By Kabir Khanna and Anthony Salvanto
Democrats remain in a stronger position than Republicans to win the House of Representatives, with their chances having gradually improved over the summer. We estimate that Democrats would win 224 seats if the elections were held today, which is more than the 218 needed for a majority. The margin of error is plus or minus 12 seats, which means that control of the chamber is still in play. While Democrats will almost certainly gain seats, there are still ways for Republicans hang on to control.
We polled voters across the country, focusing on 61 congressional districts with key U.S. House races that we estimate as the most competitive. While Republicans currently hold most of these seats, we now rate many of these races as toss-ups. Our seat estimate and margin of error come from a statistical model incorporating what voters we polled told us and characteristics of their home districts. We end up with a range of outcomes from a narrow Republican hold to a comfortable Democratic victory.
The Democratic estimate has slowly but steadily increased over the past three months. It's two seats higher than one month ago and five seats higher than in June. One reason for the Democratic lead is a pattern we have consistently seen: people who voted for Hillary Clinton in 2016 are more unified in their support for Democratic congressional candidates than Donald Trump voters are for Republicans. While few voters are crossing over in absolute terms, the difference between parties favors Democrats. Six percent of Trump voters say they are voting Democratic, while only two percent of Clinton voters say they are voting Republican now.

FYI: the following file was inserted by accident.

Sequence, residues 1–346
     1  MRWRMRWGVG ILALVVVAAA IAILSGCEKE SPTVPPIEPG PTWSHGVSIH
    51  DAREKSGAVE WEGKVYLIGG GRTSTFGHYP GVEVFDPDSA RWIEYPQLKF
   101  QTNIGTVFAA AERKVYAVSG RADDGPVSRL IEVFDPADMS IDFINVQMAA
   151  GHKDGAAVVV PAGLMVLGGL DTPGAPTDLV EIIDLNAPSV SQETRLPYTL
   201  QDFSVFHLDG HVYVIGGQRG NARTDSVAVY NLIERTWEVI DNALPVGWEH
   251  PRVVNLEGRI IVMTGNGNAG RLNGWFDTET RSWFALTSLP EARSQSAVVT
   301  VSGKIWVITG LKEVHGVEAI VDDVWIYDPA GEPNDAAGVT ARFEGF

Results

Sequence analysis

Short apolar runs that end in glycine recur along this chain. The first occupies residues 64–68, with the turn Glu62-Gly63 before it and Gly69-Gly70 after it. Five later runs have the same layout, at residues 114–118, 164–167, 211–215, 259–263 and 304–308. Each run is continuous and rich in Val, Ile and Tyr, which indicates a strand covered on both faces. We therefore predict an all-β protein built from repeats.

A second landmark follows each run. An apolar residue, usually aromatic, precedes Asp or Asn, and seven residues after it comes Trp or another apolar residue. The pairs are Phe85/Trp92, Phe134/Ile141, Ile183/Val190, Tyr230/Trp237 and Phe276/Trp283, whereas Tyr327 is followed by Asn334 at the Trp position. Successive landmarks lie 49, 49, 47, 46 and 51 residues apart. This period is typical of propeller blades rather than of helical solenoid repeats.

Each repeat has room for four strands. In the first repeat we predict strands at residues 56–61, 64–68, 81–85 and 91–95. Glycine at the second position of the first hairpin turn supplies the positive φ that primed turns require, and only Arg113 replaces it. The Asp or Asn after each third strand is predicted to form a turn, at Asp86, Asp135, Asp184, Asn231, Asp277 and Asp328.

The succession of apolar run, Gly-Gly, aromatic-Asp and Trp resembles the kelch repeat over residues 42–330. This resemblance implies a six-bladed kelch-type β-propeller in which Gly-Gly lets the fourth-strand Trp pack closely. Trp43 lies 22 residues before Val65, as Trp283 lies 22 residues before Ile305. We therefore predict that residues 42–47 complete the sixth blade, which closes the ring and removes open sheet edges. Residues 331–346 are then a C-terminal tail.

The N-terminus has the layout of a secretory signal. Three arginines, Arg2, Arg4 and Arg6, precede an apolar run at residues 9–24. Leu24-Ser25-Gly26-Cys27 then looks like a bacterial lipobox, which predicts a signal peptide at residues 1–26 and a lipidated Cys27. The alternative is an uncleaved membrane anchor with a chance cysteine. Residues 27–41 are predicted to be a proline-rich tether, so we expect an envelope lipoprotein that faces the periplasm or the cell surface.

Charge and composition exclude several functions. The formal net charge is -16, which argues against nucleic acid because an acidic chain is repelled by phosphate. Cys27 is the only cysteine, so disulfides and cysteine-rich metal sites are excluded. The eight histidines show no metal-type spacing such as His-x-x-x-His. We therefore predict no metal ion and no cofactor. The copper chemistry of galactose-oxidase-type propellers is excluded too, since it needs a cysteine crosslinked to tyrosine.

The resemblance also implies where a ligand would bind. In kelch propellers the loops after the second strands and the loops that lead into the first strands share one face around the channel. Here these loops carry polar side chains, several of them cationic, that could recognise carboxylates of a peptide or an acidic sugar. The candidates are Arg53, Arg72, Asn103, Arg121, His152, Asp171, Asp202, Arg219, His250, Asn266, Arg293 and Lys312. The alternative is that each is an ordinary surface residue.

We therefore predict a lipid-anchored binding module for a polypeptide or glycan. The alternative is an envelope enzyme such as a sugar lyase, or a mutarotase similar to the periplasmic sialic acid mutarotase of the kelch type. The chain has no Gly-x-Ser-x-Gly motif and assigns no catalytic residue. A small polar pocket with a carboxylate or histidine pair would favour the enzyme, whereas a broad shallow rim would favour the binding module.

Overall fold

How might Republicans hang on to the House? One factor that makes the Democratic lead in key races somewhat precarious is that it relies on people who haven't turned out in recent midterm elections. While most of them say they plan to vote this year, we estimate that if they don't follow through, Democratic wins would be limited to about 215 seats, just short of a majority of 218.
Another path to victory for Republicans is winning back the small but important group of Trump voters who are not saying they're voting Republican this year. Doing so would pull them even with Democrats in these districts, and possibly even slightly ahead, depending on which voters they bring back into the fold. Winning over Trump voters who are currently unsure about their vote choice would certainly help, but not as much as winning back Trump voters who are supporting Democrats now. We estimate that Democratic gains would be curtailed even further in this scenario.
Likely voters in key districts who say they are not sure about their House vote look genuinely conflicted. Though most identify as independents, they lean conservative in terms of their expressed ideology, and more voted for Mr. Trump than for Clinton. On the other hand, they give Republicans negative marks on several issues. They are more likely to say recent Republican changes to health care andhave been negative than positive, and they are ambivalent about the , with half saying they have not felt its effects. Six in ten say the Republican Party works for the interests of large corporations over working people. These feelings offer an opening to Democrats to win over voters currently on the fence, most of whom say their vote isn't about which party controls the chamber.
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